Ageing and the sun/ sun beds.
Exposure to sun, damage and age the skin prematurely.  This has been proven via scientific studies numerous times.  Not only does it cause wrinkles, loss of elasticity and damage the skin ability to produce collagen and elastin, it also gives the skin a leather-like look and feel. Do you really want to look like tanned cowhide?

What about sun beds?
People who use sun beds are three times more likely to develop melanoma of the eye than those who never use one.  The British Medical Association is now advising people not to use sun beds. It reports that the risk of developing cancer increases by up to 20% per decade of sun bed use before the age of 65.  Makers of sun beds may tell you they are safe, but there is definite evidence to the contrary.  Both fair and dark skins can get cancer. 

In one session of 15 to 30 minutes on a sun bed, you are exposed to the same amount of damaging UVA & B rays that you would have been exposed to, if you were in the sun for one whole day, according to the American Academy for Dermatology.

A few people inherit a high-risk faulty gene, and some families tend to have large number of moles, which may increase the risk that these can become malignant. 

Other little devils
  • The sun bleach facial hair, and as your tan deepens, your facial hair becomes more obvious.

  • Sun tanning also darkens the colour of any scarring, even acne scars, making them more obvious.
  • The sun dries the skin out, resulting in dry, scaly patches appearing all over you body.
  • Extended exposure to the sun's ultraviolet (UV) rays is one of the risk factors associated with eye disorders such as cataracts. Sunlight reflected from the surface of water or other reflective medium can cause conjunctivitis and keratitis.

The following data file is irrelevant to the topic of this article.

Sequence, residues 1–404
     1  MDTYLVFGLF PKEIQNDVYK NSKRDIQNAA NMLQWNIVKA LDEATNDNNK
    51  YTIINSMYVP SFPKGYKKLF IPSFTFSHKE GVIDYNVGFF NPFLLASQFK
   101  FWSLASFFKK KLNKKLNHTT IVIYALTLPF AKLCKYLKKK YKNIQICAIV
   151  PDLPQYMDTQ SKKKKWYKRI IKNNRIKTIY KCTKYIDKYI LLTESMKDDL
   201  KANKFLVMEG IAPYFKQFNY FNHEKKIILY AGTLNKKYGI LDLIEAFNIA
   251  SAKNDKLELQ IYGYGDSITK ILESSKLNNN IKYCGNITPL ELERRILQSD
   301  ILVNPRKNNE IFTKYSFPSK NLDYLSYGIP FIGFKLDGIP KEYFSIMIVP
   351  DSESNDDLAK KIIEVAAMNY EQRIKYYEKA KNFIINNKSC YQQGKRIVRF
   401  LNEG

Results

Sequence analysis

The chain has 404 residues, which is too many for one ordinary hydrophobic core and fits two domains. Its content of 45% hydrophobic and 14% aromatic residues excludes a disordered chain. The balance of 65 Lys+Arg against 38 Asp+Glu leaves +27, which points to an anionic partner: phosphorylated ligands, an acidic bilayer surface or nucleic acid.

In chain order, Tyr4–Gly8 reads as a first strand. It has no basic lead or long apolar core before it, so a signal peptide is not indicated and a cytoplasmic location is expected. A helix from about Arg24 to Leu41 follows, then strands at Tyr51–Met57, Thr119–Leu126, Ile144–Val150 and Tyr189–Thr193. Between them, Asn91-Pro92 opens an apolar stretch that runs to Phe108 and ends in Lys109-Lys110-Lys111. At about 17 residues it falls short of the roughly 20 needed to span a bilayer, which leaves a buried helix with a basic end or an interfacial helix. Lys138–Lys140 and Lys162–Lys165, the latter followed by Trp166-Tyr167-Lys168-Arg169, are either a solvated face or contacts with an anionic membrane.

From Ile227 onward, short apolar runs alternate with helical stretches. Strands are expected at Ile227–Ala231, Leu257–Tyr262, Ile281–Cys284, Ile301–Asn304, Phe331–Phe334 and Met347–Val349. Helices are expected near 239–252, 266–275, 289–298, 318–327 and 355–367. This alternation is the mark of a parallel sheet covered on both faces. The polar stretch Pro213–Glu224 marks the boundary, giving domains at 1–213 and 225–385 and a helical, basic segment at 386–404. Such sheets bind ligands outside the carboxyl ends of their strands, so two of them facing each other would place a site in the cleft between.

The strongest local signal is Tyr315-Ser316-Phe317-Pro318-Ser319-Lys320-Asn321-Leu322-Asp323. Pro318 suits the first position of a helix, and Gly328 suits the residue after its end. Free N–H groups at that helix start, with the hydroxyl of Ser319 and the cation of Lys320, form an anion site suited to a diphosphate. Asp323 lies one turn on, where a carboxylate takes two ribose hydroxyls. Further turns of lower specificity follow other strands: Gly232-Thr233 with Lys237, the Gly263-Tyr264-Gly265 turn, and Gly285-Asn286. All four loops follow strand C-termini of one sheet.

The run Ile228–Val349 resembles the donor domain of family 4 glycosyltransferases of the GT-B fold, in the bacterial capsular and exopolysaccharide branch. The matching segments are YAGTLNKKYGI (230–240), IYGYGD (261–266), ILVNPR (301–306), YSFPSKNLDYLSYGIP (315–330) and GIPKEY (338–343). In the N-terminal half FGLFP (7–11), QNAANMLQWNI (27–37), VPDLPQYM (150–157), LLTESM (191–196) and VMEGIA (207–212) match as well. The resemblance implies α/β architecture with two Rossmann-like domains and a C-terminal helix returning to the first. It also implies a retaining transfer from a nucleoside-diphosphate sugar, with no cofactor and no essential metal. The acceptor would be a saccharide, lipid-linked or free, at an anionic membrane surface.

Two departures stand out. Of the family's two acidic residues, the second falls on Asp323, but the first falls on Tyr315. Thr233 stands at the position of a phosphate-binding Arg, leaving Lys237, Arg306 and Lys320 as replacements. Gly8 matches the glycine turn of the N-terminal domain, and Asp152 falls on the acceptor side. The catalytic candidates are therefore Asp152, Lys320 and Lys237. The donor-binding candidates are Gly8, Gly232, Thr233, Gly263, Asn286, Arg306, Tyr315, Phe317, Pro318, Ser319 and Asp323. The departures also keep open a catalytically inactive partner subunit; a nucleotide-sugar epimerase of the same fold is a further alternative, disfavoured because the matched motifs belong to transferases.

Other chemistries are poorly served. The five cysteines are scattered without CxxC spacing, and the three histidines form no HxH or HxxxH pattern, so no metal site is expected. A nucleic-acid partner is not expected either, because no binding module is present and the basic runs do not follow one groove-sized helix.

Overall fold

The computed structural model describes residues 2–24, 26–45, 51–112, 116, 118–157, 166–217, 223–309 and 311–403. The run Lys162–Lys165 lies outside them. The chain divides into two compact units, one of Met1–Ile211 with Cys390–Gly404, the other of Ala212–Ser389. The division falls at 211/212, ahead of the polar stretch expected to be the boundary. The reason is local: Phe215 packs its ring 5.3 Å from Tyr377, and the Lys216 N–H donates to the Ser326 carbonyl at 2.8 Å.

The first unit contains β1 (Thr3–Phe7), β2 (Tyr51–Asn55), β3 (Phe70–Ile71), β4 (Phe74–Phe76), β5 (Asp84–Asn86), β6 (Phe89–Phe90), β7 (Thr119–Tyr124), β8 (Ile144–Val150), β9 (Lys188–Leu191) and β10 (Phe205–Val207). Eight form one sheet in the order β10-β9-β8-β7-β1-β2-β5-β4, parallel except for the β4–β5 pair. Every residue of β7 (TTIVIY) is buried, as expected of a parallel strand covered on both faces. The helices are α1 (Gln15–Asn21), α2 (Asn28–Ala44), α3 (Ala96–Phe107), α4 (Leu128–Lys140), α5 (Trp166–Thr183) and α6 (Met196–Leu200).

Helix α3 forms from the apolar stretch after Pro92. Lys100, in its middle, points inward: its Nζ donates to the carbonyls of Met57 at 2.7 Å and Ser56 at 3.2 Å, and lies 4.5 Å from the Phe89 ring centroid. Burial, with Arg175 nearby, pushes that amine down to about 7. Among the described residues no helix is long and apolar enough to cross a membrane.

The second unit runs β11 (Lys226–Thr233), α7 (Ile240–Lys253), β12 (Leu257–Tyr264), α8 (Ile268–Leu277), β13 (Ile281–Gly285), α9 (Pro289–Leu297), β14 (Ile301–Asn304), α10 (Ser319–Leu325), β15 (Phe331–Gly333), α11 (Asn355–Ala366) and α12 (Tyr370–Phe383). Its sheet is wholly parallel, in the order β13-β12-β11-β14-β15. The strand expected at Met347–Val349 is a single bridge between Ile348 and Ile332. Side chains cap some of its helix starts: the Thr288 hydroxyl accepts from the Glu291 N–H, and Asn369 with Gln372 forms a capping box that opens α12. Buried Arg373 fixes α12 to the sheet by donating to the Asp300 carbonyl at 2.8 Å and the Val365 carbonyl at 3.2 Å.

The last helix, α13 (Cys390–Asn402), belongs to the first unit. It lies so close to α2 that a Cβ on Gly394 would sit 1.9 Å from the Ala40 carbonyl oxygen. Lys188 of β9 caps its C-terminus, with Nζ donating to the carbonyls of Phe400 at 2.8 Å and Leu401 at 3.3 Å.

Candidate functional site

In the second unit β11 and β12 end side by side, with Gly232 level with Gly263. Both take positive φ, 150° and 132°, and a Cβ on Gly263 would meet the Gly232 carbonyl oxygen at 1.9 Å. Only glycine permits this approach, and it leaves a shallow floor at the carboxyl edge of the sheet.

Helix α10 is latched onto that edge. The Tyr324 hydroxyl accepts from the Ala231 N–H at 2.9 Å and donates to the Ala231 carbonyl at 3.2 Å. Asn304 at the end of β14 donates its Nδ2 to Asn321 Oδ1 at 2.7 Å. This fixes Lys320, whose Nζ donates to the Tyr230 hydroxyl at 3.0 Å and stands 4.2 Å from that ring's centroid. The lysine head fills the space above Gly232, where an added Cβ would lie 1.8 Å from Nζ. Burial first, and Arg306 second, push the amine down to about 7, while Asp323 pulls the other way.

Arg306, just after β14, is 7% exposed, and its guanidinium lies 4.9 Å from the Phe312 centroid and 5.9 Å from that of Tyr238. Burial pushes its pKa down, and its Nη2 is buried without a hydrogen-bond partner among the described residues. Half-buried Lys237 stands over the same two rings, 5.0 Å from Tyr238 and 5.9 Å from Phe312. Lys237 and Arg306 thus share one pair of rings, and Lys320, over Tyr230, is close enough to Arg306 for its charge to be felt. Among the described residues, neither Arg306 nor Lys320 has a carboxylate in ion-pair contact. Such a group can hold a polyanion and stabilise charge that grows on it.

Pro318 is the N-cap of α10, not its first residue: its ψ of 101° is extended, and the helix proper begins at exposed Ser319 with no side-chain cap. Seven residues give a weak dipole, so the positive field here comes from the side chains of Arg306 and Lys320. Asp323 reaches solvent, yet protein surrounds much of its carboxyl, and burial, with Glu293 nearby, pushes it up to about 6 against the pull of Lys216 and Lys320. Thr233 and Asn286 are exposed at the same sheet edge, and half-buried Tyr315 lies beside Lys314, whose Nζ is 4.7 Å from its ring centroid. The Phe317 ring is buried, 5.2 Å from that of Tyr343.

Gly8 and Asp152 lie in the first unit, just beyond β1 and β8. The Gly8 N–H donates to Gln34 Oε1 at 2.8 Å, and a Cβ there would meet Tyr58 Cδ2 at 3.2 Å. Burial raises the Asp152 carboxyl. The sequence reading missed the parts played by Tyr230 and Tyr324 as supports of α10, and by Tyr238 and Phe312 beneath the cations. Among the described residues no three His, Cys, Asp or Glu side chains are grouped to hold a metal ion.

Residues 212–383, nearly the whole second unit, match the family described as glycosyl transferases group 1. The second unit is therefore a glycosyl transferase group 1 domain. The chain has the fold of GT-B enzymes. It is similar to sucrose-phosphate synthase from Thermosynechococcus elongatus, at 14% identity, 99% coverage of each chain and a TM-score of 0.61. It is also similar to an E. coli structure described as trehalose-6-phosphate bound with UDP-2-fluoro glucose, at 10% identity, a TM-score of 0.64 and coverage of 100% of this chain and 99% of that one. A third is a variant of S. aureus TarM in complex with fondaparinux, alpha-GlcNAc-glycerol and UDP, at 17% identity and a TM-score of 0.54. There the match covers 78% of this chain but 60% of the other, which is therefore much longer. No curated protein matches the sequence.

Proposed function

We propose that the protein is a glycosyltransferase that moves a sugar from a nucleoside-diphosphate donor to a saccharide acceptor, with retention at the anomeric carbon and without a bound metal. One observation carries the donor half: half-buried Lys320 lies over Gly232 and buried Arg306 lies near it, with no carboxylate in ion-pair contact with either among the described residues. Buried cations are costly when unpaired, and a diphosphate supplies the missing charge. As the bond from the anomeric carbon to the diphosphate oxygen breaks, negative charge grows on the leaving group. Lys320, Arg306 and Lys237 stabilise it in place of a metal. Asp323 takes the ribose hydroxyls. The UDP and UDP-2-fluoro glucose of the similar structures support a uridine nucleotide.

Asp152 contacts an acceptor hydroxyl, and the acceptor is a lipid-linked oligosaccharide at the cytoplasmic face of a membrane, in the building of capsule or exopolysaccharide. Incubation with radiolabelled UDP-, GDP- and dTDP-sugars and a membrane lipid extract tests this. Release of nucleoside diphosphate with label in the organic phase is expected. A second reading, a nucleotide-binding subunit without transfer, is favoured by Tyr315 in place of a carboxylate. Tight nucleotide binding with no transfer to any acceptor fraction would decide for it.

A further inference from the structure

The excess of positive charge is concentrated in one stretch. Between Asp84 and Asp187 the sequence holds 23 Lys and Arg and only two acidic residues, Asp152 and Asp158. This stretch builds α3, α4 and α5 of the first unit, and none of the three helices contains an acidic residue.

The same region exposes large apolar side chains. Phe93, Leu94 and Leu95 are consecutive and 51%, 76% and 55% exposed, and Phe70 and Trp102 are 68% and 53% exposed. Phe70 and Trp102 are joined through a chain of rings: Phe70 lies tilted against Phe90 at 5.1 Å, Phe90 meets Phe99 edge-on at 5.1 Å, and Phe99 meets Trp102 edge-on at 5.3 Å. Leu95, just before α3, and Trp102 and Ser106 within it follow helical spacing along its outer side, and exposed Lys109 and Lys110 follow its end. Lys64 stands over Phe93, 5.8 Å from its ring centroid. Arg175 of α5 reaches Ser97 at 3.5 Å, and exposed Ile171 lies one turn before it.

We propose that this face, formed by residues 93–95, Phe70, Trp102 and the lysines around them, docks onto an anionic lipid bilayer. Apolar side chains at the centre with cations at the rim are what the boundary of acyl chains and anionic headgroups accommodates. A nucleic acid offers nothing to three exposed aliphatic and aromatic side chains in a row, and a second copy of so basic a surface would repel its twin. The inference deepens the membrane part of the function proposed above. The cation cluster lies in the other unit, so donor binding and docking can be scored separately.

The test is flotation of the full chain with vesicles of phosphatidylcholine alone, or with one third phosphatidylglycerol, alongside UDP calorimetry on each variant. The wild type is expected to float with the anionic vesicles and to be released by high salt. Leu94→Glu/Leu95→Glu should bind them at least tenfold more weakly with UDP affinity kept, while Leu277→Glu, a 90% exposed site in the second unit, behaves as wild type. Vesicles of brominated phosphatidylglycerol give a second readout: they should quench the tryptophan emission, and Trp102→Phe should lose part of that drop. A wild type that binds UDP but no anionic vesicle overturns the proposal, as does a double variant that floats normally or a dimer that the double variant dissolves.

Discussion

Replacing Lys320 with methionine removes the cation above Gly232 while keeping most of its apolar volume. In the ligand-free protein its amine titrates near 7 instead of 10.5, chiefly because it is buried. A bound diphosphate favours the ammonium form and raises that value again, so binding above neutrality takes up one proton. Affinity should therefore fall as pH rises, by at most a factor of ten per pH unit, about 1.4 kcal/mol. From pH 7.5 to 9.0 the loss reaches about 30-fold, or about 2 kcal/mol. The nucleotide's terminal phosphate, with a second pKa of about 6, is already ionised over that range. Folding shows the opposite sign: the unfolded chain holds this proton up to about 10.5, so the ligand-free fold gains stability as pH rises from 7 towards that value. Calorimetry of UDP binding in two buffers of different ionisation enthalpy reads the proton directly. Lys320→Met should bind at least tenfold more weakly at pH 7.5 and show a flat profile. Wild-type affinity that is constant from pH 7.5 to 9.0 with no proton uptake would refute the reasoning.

• Even a slight sunburn, can inflame your eyes, leaving it red and irritable.
  • Only one day of improper tanning will leave your freckles darker, more and more obvious.
  • All sun exposure accumulates over time and will sneak up on you later in life.
Caring for sun-tanned or –burned skin is a must.  It not only calms and soothes, but it also nourishes, repairs and regenerates any skin damage. Vitamin C creams are a sure way to help with the after care on sundamaged skin.

Just fake it!
There is no such thing as a healthy tan. Your "tan" is nothing but a warning sign from your skin that you are abusing it, and one should take it to heart.

Fake tanning is so easy these days, with self-tanning lotions being one of the most used products in beauty salons world wide. 

Be safe and enjoy our beautiful summer weather!

Sunday, October 12, 2014

We support Breast Cancer Awareness

Vitaderm is donating R50 from the purchase of every Vitaderm Firming Treatment Cream from the 15th -30th October. 

The dontation will go the Look Good Feel Better Foundation, in support of womer who are undergoing cancer treatment.

 In appreciation of your support,we are offering thi shighly effective treatment cream at a special, reduced price for this limited time only.